"There [are] lots of changes going on in how publishers are reaching users," says Tim O'Shaughnessy, CEO and co-founder of LivingSocial. According to him, the company's popular Visual Bookshelf app on Facebook has more book reviews per day than Amazon.com. "Since we have such a large book community, [Simon & Schuster] sees us as a place where they can generate some traction for new releases that are coming out," he adds.
"LivingSocial offered a new vehicle ... that allowed us to very strategically target a number of audiences with a variety of key words that drove our message both to women ages 18-45 as well as fans of the Twilight series and other vampire books and movies," says Zafian. LivingSocial provided Simon & Schuster with a multipronged approach, all built around allowing readers to access the first book in the series online. The site built a personalized landing page for the Clare campaign, including a book trailer and bonus content such as video interviews with the author titled Story Behind the Story. LivingSocial also provided targeted banner ads and a sponsored feature content slot.
"The cornerstone of this 2-week campaign was to offer consumers the chance to read the first book in The Mortal Instruments series, City of Bones, for free, through their web browser. LivingSocial promoted this offer through all of its promotional vehicles including their online newsletter, banner ads within Visual Bookshelf, as well as its Pick 5 app, homepage ads, and sponsored recommendations on their site," says Zafian. In this case, users who picked Clare's books-or similar titles such as Twilight-as their favorites or placed them on their "bookshelves" were asked if they wanted to share this information with friends and were targeted with advertising for the new book. People who opted to read the book online were sent to a custom, secure e-reader that was built into the LivingSocial site.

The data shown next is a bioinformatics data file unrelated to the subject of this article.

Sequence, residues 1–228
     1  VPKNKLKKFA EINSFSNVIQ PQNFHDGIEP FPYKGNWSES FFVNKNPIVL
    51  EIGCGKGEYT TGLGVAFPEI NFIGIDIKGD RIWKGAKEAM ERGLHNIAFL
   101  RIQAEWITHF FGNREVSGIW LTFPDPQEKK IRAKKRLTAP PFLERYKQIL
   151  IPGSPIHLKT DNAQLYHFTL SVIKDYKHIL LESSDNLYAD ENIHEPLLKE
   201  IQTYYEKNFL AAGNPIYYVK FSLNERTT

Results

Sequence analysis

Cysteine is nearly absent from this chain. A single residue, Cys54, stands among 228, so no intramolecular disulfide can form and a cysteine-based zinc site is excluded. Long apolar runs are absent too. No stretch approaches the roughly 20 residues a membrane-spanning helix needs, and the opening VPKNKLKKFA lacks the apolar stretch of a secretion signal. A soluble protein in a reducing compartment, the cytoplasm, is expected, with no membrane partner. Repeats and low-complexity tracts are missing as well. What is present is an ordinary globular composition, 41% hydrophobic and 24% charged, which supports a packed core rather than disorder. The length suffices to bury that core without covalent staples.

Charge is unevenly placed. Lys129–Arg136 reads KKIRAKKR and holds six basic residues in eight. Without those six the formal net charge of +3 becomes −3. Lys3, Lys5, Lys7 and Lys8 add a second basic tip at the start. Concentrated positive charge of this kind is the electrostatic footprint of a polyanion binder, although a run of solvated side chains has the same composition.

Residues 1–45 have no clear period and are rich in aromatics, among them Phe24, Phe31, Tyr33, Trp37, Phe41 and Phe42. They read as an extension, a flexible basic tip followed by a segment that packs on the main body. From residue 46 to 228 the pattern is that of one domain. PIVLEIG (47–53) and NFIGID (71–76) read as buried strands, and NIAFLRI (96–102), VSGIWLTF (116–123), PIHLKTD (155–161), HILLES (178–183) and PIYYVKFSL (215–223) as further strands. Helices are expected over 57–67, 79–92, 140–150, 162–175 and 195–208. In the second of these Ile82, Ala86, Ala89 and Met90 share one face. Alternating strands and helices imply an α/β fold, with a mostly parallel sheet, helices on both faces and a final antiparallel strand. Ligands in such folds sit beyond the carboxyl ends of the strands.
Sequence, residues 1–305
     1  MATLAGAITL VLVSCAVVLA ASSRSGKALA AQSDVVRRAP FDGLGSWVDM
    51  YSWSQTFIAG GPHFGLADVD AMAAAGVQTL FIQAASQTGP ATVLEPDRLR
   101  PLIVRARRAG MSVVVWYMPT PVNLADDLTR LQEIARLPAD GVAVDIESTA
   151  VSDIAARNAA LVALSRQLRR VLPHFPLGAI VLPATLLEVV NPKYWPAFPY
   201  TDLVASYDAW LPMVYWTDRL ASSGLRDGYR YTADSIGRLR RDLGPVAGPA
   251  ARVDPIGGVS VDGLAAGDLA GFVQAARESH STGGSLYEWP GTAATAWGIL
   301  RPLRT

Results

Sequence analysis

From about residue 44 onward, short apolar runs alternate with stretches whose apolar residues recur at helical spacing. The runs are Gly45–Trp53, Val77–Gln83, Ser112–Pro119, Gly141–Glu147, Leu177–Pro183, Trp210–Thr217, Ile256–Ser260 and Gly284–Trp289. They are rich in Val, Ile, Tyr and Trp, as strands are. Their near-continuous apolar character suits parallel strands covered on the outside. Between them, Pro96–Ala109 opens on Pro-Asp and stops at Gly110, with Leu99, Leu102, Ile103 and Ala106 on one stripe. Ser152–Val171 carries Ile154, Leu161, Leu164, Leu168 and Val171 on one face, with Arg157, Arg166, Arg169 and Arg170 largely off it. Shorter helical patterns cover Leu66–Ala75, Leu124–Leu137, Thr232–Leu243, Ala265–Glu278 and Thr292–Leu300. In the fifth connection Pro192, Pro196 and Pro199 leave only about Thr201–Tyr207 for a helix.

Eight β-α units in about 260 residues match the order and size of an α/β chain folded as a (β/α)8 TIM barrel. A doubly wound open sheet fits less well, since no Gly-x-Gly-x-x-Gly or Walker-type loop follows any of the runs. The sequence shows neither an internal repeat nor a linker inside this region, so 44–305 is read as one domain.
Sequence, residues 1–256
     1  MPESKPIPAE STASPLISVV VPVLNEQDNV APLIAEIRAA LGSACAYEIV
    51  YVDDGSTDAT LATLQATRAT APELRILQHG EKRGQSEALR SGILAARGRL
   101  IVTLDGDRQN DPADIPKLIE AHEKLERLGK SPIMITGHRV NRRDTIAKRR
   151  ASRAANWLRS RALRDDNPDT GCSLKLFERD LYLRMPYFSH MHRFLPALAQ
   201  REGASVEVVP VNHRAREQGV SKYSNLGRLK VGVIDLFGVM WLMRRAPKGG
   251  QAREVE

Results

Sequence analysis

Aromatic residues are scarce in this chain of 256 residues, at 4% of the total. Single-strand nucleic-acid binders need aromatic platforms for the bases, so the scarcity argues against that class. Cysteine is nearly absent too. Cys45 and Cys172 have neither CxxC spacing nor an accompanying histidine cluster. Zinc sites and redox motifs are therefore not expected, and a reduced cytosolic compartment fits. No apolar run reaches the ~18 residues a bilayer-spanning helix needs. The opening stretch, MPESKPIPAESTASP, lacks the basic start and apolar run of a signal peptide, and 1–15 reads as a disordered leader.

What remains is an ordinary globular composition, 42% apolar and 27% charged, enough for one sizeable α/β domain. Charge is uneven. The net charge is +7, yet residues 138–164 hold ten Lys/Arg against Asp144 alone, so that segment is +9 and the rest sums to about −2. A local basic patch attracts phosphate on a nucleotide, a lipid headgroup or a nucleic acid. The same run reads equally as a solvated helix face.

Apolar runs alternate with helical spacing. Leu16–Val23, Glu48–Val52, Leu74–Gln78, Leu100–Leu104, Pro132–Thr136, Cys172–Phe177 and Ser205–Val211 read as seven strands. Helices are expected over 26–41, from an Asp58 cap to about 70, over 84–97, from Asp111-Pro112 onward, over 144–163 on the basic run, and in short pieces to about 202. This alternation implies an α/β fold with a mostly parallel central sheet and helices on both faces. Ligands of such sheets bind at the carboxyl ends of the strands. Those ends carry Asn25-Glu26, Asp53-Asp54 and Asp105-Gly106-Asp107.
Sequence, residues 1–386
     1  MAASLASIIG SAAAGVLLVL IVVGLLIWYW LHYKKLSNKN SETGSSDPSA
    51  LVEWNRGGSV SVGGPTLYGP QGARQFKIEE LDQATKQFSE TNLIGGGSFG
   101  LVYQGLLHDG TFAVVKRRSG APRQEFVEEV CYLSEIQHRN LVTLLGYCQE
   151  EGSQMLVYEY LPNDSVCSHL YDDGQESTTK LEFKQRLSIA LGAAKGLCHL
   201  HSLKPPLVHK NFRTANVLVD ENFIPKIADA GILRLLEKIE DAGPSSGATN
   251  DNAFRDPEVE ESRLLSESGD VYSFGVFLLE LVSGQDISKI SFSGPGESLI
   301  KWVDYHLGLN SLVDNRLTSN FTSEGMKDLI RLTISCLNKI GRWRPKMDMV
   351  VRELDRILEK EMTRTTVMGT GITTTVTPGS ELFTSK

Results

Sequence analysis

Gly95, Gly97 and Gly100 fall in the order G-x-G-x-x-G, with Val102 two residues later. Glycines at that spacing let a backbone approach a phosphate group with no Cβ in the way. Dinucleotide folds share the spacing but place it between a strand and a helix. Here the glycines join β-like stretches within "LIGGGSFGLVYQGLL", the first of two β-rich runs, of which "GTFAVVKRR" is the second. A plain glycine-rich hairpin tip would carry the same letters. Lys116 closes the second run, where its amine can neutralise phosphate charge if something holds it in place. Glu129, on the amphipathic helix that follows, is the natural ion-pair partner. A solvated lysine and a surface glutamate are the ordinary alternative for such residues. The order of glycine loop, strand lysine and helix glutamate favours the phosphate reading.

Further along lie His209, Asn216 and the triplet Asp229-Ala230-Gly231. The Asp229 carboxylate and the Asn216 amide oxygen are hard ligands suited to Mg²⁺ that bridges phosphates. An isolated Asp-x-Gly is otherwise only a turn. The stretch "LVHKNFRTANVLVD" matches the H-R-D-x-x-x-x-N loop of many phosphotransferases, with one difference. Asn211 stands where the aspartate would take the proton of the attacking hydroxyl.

According to O'Shaughnessy, the average Facebook user has 130 friends, meaning that just a few people adding the book to their lists had the potential to create a lot of buzz. Zafian says, "The viral aspect of the campaign was appealing to us, and that included automatic Facebook status updates for Visual Bookshelf members when they started reading the free book. And that message of course was repeated time and again on those users' walls for their many Facebook friends to see. The impact was enormous and highly measurable."
According to LivingSocial, the campaign resulted in 1.5 million unique page views in the e-reader, 74,000 visits to the landing page, and 420,000 notifications sent in Facebook. O'Shaughnessy says that over the course of 2 weeks, about 6,500 people added the book to their collections, with about 7,400 users having had the book in their collections beforehand. Zafian says this increase resulted in pretty significant results in terms of sales. She says, "We have advertised our books, including this series, in a multitude of ways, using both traditional and more 21st-century methods. It's impossible to assess every campaign's impact on ROI, but the stats provided by LivingSocial and the measurable results we saw at retail tell us the impact was powerful."
"When we started the campaign in July, sales were still very robust at retail [locations] but nonetheless had declined some from the fever pitch of the spring. But thanks to this campaign-and the fact that it encouraged retailers to keep the books front and center-we saw 3 consecutive weeks of sales increases for the series," Zafian explains. "We certainly did find readers going back to start with City of Bones ... and saw upticks in all three titles [in the series]. Also, stats provided by LivingSocial after the campaign told us exactly how many users opened the free ebook and how many readers finished it. We assume that many, many of those who opened [the ebook] but didn't finish [reading it] bought the printed book at their usual bookstore or online."
Simon & Schuster isn't the only publisher LivingSocial has worked with. The company has implemented a variety of campaigns, including a contest in which users could interact with the main character from Philippa Gregory's The White Queen for a chance to win a trip to London. In the case of City of Bones, though, people read a little more than 1.5 million pages, according to O'Shaughnessy.
Zafian says that, for the right project, Simon & Schuster would be happy to work with LivingSocial again. She says: "It was a big spend for us relative to our marketing budget, but LivingSocial offered us great bang for our buck. ... They offered amazing viral outreach that was very targeted."